Just as a point of interest, I wonder if the volume of responses to each book will reflect the original pattern of Cerebus readership. In other words, will the volume of responses peak in the most popular volumes (basically the first half, with particular attention to High Society and Church and State) and then tapper off gradually after issue 100 or so, when the decline in Cerebus readership began (with perhaps a spike at issue 300, where the readership apparently doubled)?

    Or will the volume of responses mirror the amount of action in any particular volume, which I think would suggest that the first two volumes of Church and State would generate a lot of discussion, simply because a lot happens, a lot of characters appear, the locale changes repeatedly and drastically, and, of course, Gerhard enters the picture.

    Even though Jaka's story is very popular, a lot of it is about mood, is very subtle, has few characters, it proceeds without much if any digression, and its message is fairly straightforward I think, especially compared to either volume of Church and State, which both have so many twists and turns. So, Jaka's Story, though popular, might not generate as much discussion.

    In the first volume, there will surely be a lot to say about the artistic improvement in the book from issue to issue and the introduction of various key characters.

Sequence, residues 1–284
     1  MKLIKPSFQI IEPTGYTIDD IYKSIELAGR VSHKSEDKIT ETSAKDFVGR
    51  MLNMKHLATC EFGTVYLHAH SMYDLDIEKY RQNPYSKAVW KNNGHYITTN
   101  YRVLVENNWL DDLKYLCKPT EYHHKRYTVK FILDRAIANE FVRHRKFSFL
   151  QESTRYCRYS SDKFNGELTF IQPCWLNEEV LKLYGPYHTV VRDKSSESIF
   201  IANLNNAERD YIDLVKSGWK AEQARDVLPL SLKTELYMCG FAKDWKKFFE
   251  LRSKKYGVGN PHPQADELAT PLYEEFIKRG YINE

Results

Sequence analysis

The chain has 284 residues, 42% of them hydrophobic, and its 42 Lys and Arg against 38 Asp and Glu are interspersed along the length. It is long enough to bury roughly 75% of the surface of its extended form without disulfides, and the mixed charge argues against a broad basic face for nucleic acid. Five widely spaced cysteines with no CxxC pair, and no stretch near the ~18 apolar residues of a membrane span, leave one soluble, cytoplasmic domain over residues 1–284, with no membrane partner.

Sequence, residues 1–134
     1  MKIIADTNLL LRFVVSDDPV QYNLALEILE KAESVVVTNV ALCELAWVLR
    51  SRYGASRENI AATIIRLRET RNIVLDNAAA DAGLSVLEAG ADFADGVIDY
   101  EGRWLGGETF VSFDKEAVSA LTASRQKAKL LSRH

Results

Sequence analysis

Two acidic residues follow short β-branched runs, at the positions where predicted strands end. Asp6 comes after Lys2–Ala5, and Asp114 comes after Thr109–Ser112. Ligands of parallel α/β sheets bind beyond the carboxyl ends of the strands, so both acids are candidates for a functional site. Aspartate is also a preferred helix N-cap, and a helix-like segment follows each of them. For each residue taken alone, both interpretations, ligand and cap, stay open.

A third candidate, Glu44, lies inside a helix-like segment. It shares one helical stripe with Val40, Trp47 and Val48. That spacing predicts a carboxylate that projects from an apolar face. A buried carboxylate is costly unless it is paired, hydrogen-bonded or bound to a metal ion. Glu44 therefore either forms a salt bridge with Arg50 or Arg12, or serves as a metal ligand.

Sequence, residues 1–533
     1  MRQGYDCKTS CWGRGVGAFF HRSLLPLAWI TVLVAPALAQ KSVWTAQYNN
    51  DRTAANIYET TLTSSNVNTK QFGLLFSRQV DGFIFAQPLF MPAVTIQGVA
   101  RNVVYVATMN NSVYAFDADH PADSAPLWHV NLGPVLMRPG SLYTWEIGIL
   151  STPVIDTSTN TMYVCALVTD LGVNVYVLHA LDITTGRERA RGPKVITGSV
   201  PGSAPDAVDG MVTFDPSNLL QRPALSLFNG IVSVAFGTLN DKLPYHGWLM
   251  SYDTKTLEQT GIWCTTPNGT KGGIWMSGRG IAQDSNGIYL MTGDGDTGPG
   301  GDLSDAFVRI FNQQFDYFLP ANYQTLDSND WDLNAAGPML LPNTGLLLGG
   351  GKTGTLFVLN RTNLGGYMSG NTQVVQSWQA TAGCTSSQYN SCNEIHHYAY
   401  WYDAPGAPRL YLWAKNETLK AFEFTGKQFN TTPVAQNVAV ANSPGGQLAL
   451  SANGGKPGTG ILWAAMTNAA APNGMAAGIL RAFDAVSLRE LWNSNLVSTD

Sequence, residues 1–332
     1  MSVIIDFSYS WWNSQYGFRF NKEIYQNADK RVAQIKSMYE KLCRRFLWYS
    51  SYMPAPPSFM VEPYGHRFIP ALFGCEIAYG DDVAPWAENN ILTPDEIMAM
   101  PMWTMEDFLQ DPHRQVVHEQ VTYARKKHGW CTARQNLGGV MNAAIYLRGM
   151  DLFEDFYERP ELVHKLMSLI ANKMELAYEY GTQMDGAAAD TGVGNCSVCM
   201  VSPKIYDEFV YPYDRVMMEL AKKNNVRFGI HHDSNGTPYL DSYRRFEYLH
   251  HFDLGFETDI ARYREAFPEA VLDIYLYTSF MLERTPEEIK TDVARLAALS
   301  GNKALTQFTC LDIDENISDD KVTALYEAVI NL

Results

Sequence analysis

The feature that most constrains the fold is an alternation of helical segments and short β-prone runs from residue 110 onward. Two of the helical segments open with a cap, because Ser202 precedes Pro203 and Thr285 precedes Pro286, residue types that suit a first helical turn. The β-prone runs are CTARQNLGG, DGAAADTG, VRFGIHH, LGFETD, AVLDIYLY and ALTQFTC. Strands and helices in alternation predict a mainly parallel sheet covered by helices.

Anyways, curious to see how it goes. Maybe I will hear some insights into the story.
  • I can't remember the last time I read the first phonebook. Rereading #1 made me think of a popcorn summer movie by Michael Bay. Not much on characterization. Just a simple thread of a plot. Background? Meh. Lots of fighting and action though.

    Dave has stated that the first three issues were his try out so to speak. That he'd do three issues and if it didn't gain traction, he'd use them as a way to try and get work with a comics publisher.

    Issue 2 seems to be more of the same. Both issues had only a small sliver of info on Cerebus - that he had some kind of magical background (issue 1) and that Khem couldn't find Cerebus' soul (issue 2).

    Both issues are the first move on the larger chessboard that becomes the Cerebus epic. It is hard to see the board from these first issues, but they stand well enough on their own. They show Cerebus as the guy who is only out to get some ale and money and doesn't care about much else. Well, perhaps other than killing guys. Popcorn summer movie.
  • Menachem does a fine job of describing the comics scene at the time Cerebus appeared, so I needn't elaborate.

    One thing he didn't point out is that Dave Sim purposely set out to make a commercial hit. At the time the Conan comics, both Conan The Barbarian and Comic-Code-less Savage Sword Of Conan were big sellers, as was Howard The Duck. Sim set out to merge the funny animal and sword & sorcery tropes together, setting the funny animal Cerebus smack down in Hyperborea. I think it's important to remember this as we read the first two-dozen issues.